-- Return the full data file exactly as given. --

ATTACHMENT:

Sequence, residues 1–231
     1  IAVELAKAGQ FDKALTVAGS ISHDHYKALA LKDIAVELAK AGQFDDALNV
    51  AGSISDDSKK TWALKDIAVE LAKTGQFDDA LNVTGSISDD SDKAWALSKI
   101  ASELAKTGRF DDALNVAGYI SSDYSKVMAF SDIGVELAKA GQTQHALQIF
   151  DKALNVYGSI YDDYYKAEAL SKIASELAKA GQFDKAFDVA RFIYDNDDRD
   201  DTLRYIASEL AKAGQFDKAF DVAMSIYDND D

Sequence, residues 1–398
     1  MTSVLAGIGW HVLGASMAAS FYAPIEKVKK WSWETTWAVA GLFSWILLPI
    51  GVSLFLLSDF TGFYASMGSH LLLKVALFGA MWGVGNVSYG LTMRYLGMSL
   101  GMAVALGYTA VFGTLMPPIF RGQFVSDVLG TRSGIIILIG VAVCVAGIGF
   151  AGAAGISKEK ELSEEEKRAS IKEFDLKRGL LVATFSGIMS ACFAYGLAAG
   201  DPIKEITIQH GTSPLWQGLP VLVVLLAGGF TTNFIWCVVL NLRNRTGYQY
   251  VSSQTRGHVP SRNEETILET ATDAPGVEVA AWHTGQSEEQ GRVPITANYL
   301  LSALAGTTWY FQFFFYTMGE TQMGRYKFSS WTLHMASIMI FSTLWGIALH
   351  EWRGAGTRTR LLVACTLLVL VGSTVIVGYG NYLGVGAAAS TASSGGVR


Sequence, residues 1–231
     1  IAVELAKAGQ FDKALTVAGS ISHDHYKALA LKDIAVELAK AGQFDDALNV
    51  AGSISDDSKK TWALKDIAVE LAKTGQFDDA LNVTGSISDD SDKAWALSKI
   101  ASELAKTGRF DDALNVAGYI SSDYSKVMAF SDIGVELAKA GQTQHALQIF
   151  DKALNVYGSI YDDYYKAEAL SKIASELAKA GQFDKAFDVA RFIYDNDDRD
   201  DTLRYIASEL AKAGQFDKAF DVAMSIYDND D

Sequence, residues 1–398
     1  MTSVLAGIGW HVLGASMAAS FYAPIEKVKK WSWETTWAVA GLFSWILLPI
    51  GVSLFLLSDF TGFYASMGSH LLLKVALFGA MWGVGNVSYG LTMRYLGMSL
   101  GMAVALGYTA VFGTLMPPIF RGQFVSDVLG TRSGIIILIG VAVCVAGIGF
   151  AGAAGISKEK ELSEEEKRAS IKEFDLKRGL LVATFSGIMS ACFAYGLAAG
   201  DPIKEITIQH GTSPLWQGLP VLVVLLAGGF TTNFIWCVVL NLRNRTGYQY
   251  VSSQTRGHVP SRNEETILET ATDAPGVEVA AWHTGQSEEQ GRVPITANYL
   301  LSALAGTTWY FQFFFYTMGE TQMGRYKFSS WTLHMASIMI FSTLWGIALH
   351  EWRGAGTRTR LLVACTLLVL VGSTVIVGYG NYLGVGAAAS TASSGGVR